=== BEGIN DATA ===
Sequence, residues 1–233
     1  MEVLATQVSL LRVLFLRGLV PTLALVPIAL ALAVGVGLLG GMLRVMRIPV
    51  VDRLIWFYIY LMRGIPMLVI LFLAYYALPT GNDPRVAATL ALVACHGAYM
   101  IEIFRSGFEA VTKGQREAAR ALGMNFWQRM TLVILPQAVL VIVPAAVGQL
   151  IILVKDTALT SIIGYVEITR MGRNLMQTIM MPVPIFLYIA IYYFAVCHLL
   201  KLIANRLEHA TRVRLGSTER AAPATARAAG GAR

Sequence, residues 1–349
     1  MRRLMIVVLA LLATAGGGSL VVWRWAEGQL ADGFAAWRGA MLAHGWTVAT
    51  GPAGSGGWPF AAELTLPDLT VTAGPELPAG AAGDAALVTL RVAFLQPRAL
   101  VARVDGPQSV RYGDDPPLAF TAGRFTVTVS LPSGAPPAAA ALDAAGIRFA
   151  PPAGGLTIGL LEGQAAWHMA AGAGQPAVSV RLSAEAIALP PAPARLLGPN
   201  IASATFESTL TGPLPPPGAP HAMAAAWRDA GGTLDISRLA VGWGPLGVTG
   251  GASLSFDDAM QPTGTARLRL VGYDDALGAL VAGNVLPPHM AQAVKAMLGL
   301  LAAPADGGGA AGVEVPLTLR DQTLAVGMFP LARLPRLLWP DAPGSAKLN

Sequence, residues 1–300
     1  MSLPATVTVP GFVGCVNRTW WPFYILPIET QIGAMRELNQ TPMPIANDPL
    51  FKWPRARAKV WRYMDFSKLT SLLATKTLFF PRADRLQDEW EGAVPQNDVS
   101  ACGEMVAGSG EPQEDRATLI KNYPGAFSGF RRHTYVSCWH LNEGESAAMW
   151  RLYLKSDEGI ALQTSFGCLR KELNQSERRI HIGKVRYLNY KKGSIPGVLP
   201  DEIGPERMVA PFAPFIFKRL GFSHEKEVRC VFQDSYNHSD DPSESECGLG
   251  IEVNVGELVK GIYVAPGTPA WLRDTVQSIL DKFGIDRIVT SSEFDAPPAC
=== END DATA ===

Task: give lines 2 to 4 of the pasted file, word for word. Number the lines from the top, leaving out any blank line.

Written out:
     1  MEVLATQVSL LRVLFLRGLV PTLALVPIAL ALAVGVGLLG GMLRVMRIPV
    51  VDRLIWFYIY LMRGIPMLVI LFLAYYALPT GNDPRVAATL ALVACHGAYM
   101  IEIFRSGFEA VTKGQREAAR ALGMNFWQRM TLVILPQAVL VIVPAAVGQL